Microsoft's SmartGlass Opens Windows All Over the Living Room
Microsoft has demoed its SmartGlass technology, a platform for connecting a wide array of devices to a TV via an Xbox 360. The idea of streaming content across multiple device screens is a field other companies have already entered, but SmartGlass' interactive potential and open platform could prove to be substantial differentiators.
06/05/12 2:51 PM PT
Microsoft demoed its new Xbox SmartGlass system at the Electronic Entertainment Expo (E3) in Los Angeles on Monday.
SmartGlass will connect devices running Windows 8, Windows 8 RT (for mobile devices), Windows Phone, iOS, and Android to a user's Xbox 360 console.
The Xbox SmartGlass app is available now with select games and Xbox Live content. Xbox Live Gold membership may be required for use with some content and features.
Xbox SmartGlass will replace its predecessor, Xbox Companion, Microsoft representative Serina Hall told TechNewsWorld. Xbox SmartGlass is "a new free Xbox app which enables your PC, tablet and mobile phone to connect to your Xbox in an intelligent way."
The app will also let users transition from their TVs to a tablet while watching a movie, or use their smartphones and tablets as remotes, Hall said.
Being a SmartGlass Isn't Easy
SmartGlass is both an app and a platform for media and games, Rob Enderle, principal analyst at The Enderle Group, told TechNewsWorld. Apps built on top of the SmartGlass platform will function within a number of Microsoft products. If Redmond executes its plan correctly, SmartGlass "could be the proverbial killer app because it's likely people will become addicted to the idea of moving seamlessly between the digital products they buy."
Microsoft reportedly aims to have SmartGlass apps offer the same feature set across the various platforms it serves.
"It would make sense to have APIs [application programming interfaces] that surface capabilities for a variety of different types of devices," Al Hilwa, a program director at IDC, told TechNewsWorld. "The idea here is to have truly distributed apps that imitate natural games we play"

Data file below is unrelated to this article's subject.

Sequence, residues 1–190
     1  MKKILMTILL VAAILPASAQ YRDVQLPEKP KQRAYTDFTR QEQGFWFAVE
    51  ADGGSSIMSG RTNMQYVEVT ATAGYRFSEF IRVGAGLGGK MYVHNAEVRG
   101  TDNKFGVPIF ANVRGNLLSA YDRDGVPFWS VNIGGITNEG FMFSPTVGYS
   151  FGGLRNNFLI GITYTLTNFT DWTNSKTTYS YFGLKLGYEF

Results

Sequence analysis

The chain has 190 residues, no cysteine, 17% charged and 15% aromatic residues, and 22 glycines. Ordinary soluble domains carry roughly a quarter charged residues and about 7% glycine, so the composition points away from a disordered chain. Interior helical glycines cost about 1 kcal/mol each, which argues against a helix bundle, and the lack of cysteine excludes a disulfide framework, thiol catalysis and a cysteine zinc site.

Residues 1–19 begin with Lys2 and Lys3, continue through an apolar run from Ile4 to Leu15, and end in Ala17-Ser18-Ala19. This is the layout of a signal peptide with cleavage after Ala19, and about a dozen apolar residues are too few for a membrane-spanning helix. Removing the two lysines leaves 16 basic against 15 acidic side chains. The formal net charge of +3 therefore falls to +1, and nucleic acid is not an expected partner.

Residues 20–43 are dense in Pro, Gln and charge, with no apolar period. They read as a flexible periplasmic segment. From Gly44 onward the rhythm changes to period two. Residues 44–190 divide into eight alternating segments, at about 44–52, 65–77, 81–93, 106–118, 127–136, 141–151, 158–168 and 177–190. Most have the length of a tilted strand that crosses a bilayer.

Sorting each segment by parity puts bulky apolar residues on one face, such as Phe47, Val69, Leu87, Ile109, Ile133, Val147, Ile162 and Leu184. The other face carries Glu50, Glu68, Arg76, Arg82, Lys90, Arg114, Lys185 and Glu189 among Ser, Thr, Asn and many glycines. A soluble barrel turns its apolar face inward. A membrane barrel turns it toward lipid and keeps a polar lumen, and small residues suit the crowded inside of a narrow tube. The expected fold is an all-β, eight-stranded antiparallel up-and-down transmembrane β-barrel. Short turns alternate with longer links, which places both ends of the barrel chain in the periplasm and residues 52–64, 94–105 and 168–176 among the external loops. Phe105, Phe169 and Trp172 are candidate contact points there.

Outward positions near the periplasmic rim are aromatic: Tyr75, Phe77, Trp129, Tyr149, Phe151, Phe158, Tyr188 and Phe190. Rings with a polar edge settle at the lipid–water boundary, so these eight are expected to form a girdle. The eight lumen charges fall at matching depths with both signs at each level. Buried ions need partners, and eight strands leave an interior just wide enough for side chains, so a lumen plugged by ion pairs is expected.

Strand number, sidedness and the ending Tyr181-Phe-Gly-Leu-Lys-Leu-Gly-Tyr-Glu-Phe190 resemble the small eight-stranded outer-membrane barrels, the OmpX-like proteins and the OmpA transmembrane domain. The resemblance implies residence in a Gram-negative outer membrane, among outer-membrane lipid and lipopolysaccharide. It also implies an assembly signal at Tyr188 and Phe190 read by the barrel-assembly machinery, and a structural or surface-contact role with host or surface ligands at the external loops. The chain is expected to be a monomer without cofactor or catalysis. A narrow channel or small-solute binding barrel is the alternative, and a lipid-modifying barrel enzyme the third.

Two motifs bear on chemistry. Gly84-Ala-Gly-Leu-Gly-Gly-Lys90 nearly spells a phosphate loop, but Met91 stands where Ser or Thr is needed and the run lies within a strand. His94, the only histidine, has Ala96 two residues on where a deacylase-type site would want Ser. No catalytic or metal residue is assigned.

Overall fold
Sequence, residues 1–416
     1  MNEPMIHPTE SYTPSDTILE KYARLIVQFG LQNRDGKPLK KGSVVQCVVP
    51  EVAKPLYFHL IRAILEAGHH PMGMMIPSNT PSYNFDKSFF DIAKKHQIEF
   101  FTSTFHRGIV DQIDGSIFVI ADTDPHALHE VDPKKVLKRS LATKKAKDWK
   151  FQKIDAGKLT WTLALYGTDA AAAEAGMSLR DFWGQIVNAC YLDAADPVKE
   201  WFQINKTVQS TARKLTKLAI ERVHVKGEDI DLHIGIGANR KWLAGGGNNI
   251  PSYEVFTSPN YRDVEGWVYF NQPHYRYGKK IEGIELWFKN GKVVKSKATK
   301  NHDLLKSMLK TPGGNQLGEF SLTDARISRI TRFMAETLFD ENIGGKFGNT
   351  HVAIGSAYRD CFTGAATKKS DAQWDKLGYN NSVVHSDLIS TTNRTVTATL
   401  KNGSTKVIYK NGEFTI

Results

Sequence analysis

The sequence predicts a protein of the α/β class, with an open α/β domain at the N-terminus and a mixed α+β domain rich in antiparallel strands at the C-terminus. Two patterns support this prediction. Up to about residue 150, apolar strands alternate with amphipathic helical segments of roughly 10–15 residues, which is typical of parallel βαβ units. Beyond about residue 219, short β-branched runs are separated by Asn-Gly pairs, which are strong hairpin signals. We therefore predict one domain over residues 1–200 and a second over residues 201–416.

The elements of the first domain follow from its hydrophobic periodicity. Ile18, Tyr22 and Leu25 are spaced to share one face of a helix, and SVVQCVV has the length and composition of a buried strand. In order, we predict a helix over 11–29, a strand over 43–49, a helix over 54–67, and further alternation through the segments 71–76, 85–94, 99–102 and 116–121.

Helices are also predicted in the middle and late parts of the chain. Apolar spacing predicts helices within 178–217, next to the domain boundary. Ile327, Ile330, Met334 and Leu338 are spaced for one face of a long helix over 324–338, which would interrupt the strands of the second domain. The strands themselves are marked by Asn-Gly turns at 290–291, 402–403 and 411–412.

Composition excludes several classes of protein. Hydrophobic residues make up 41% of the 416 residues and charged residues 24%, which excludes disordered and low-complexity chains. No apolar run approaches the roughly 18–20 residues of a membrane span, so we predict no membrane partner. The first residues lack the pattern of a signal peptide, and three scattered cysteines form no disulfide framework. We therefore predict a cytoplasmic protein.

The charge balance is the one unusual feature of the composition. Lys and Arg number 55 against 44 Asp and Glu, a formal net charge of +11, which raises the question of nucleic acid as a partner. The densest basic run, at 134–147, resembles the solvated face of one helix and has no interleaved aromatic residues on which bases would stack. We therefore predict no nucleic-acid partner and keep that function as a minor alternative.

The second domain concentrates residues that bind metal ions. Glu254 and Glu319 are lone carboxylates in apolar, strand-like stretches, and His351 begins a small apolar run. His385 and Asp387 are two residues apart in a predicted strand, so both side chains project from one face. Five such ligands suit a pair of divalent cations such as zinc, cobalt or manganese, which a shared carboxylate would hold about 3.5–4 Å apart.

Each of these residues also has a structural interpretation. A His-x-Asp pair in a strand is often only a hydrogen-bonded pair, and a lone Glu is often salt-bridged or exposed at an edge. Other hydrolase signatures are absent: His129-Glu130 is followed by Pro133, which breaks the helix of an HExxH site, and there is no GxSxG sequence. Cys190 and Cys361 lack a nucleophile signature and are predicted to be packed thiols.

Parity across the different OSes "is part of Microsoft's multi-screen strategy," Hilwa continued. "It is why they are trying to bring a single OS core to all their platforms. This presumably lowers R&D costs."
Possible Uses for SmartGlass
Initially, Microsoft's positioning the SmartGlass app for games and video, but "if it can do that, it can do most anything, and with adequate WAN bandwidth, there is no limitation to WiFi either," Enderle said. It's really "a multi-device delivery engine initially used for gaming and video [that] could evolve into far more."
"This thing has broad applicability to family entertainment, education and even to business computing," Hilwa stated.
One scenario could be a family playing Scrabble or a card game, with shared information on the table which can be put on the big screen, and private information about the letters or cards in the players' hands, which can be put on their smartphones or tablets. This scenario "can unleash creativity in multiple domains," Hilwa suggested. "Developers can decide where to show detailed tracking info or scores, and where to present summaries, but the dimension of having information in the hand that is potentially private interacting with big-screen information is broadly applicable [to other uses]."
It's Not Just Content
The idea of streaming content across multiple device screens is not new. Apple's AirPlay has done that for some time. However, it's possible that there will be an interactive aspect to Xbox SmartGlass, Next Inning Research told members in an emailed Q&A about SmartGlass. That and the open platform aspect of SmartGlass are substantial differentiators from Apple TV and give Microsoft a jump start in the market, Next Inning opined.
Another use of SmartGlass demoed at E3 was displaying bonus content that enhanced the TV show or movie being viewed, such as details about the actors. The idea isn't totally new; however, adding these capabilities to the voice- and motion-control features of the Xbox Kinect might be a game-changer. Microsoft plans to launch Internet Explorer for Xbox. Together with Kinect and Xbox SmartGlass, this will let users surf the Web through voice commands and navigate using mobile devices.
Consumers must have an Xbox Live Gold membership to use Internet Explorer on Xbox. Further, Xbox Live Gold membership will also be necessary for some Xbox SmartGlass-enabled content and features. Think of SmartGlass, therefore, as Microsoft's attempt to take control of the entertainment space.